There was a time when people believed that women belonged in the kitchen, but historically, being a chef has always been a male-dominated field. 

According to the United States Census, only 22% of chefs and head cooks in the country are women. One chef in Wilmington however, gave up everything to begin her culinary journey, despite those statistics.

     What You Need To Know

  • According to the U.S. Census, 22% of executive chefs are women and 78% are men

  • Olivero opened in Wilmington in September and features male and female co-executive chefs

  • Chef Lauren Krall Ivey says that gender shouldn’t matter in the kitchen and that it’s all about talent and drive

Chef Lauren Krall Ivey wasn’t always sure she wanted to be a chef. In fact, before working in the kitchen, she was working in an office. Eventually, she found her calling.

Chef Lauren Krall Ivey cooking over the fire. (Natalie Mooney/Spectrum News 1)

“Spent most of my time off like reading cooking magazines and calling my dad and asking him what he was cooking, throwing dinner parties,” said Krall Ivey. “And realized that sitting in an office wasn’t for me.”

She quit her 9-to-5 job and completed a six-month culinary school program. Krall Ivey then took the next step and went on to work under renowned chefs in Colorado and Raleigh, learning about different flavors, cooking techniques and how to compassionately run a restaurant.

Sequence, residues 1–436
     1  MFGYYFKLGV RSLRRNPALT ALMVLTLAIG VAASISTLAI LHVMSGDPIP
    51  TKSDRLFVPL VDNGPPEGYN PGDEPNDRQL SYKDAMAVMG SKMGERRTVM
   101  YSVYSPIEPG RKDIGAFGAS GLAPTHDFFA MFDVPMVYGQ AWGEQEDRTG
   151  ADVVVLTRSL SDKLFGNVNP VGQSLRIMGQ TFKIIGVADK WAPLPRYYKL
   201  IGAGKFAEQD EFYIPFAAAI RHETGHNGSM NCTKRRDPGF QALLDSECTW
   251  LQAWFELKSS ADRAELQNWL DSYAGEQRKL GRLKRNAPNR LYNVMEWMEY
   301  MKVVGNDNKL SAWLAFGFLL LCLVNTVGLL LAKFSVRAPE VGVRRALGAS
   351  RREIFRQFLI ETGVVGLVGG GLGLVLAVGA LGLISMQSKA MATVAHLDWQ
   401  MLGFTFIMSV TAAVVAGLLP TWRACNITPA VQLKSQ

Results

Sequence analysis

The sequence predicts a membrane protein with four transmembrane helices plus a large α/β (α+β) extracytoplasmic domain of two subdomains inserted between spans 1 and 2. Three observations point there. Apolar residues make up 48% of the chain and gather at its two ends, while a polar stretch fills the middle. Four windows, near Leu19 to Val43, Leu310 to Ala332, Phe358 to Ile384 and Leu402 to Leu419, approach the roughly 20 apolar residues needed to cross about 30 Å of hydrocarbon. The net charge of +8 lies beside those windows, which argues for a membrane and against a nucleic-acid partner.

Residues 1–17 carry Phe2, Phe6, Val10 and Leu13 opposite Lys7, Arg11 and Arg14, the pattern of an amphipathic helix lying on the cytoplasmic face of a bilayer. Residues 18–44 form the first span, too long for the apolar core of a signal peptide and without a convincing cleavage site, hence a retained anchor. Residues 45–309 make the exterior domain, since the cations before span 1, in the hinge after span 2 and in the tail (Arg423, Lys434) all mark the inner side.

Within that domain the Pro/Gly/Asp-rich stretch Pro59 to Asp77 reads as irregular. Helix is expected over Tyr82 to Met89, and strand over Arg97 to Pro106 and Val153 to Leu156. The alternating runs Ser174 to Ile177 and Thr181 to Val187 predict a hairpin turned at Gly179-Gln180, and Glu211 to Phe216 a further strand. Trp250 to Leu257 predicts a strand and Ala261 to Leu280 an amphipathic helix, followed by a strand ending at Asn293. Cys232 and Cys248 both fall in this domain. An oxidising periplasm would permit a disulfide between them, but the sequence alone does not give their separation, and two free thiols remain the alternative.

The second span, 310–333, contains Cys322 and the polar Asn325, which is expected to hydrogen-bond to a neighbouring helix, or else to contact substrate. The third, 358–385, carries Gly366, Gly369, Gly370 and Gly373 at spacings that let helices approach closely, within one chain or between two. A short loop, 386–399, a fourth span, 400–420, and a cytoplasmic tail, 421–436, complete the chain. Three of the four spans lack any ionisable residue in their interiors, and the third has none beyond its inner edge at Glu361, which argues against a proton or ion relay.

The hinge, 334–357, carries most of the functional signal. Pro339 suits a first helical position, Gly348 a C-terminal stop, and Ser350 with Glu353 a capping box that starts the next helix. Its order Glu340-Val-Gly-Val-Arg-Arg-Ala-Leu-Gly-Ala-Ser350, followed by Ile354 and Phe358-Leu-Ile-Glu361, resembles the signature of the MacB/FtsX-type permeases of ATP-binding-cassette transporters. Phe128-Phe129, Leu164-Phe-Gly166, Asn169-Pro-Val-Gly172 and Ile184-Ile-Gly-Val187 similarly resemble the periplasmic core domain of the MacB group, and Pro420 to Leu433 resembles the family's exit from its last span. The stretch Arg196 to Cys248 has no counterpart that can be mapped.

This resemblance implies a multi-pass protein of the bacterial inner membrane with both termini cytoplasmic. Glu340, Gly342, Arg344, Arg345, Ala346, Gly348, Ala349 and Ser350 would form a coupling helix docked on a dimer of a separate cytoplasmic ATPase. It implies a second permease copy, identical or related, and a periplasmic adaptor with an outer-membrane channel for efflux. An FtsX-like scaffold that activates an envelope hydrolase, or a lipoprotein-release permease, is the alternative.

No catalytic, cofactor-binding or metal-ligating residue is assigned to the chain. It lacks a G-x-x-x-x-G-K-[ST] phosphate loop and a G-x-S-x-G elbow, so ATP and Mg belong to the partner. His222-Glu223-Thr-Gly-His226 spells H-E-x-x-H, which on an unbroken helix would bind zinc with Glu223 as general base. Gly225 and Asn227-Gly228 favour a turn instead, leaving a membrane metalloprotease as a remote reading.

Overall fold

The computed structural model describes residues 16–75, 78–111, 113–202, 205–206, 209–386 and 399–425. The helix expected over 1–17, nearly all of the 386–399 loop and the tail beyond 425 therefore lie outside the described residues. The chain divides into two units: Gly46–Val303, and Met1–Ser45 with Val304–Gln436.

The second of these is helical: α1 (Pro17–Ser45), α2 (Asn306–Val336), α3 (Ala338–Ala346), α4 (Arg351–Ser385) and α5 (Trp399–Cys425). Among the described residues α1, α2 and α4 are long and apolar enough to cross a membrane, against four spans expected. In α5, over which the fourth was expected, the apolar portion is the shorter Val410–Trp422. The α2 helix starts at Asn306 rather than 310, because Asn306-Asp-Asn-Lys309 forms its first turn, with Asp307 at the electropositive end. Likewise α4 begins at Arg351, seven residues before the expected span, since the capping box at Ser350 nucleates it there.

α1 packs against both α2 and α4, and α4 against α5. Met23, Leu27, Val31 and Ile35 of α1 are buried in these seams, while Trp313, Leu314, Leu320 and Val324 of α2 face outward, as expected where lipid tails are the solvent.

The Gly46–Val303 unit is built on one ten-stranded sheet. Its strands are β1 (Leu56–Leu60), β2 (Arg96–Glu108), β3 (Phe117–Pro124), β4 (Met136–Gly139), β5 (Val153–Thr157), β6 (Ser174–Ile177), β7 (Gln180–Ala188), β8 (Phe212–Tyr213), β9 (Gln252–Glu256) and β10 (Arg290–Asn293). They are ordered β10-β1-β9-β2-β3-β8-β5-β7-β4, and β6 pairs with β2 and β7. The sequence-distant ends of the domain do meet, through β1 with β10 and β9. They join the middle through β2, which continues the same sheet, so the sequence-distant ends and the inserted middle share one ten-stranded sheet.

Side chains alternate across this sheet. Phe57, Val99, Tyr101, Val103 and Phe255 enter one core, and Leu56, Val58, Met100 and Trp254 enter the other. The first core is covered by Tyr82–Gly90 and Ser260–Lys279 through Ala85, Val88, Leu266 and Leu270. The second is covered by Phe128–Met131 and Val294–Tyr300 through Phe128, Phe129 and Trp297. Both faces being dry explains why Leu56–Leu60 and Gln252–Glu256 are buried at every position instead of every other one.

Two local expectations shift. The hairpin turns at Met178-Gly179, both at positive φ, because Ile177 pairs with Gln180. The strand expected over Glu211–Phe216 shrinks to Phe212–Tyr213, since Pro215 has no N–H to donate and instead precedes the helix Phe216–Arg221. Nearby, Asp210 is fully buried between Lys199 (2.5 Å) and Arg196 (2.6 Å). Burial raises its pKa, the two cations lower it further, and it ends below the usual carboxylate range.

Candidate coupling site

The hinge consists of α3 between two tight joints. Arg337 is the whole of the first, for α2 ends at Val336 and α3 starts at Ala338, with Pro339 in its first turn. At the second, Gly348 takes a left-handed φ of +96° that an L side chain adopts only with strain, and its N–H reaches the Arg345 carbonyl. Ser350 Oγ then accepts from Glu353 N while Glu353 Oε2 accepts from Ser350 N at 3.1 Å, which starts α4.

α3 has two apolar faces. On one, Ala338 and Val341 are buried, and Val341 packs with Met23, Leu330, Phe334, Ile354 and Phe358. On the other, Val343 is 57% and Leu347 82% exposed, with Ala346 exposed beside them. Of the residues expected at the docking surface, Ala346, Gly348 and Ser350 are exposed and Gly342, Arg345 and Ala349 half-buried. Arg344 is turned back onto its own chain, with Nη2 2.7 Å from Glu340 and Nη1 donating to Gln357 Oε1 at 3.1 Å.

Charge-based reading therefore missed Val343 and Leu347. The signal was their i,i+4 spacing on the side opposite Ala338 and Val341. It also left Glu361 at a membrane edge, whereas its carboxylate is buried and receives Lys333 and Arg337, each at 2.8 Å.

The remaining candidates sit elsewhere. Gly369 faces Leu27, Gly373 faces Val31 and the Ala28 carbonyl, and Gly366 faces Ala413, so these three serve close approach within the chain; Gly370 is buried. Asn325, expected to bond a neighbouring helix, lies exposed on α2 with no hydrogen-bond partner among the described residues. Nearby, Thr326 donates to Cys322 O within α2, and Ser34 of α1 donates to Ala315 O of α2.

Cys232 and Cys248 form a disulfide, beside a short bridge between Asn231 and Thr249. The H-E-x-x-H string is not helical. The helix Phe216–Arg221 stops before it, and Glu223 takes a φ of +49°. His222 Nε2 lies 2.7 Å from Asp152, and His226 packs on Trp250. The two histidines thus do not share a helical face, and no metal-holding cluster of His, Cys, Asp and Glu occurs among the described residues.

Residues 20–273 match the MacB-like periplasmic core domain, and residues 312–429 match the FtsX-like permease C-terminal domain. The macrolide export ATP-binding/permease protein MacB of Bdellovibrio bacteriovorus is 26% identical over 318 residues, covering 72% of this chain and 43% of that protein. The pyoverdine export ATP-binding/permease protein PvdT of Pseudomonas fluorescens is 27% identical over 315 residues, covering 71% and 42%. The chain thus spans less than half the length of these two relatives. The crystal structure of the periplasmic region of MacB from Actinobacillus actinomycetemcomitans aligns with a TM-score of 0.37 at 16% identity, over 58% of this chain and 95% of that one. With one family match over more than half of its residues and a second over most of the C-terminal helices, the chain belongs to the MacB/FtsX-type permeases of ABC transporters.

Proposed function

In 2023, she moved to the coast, opening the Spanish-Italian restaurant Olivero with James Beard-nominated, Chef Sunny Gerhart.

“If you’re a female, and you’re working as hard or harder as a male, and you have skill, and you have the talent to do it,” said Krall Ivey, “There’s no reason the gender thing should deter people.”

Krall Ivey says having more diversity in the kitchen only makes for more diverse dishes.

Chef Lauren Krall Ivey prepared a beautiful pork shoulder. (Natalie Mooney/Spectrum News 1)

“Kind of having a softer palate and a little bit more of like a feminine touches to some dishes,” explained Krall Ivey. “Keeps it from being real, you know, heavy and masculine.”

At Olivero — a place with both men and women executive chefs — what matters isn’t who’s doing the cooking, but how that food makes you feel.

“Watching guests get excited about the food and just watching people smile really, whether it’s guests or staff,” said Krall Ivey. “Yeah that’s the best part.”

Chef Lauren Krall Ivey prepared Olivero's delicious take on spaghetti. (Natalie Mooney/Spectrum News 1.)

Olivero opened in Wilmington in September and has been really well received by the Wilmington community. Chef Krall Ivey is there nightly and guests are able to see her and her team cooking in the restaurant’s open kitchen — perhaps even inspiring some girls to enter the culinary world in the process.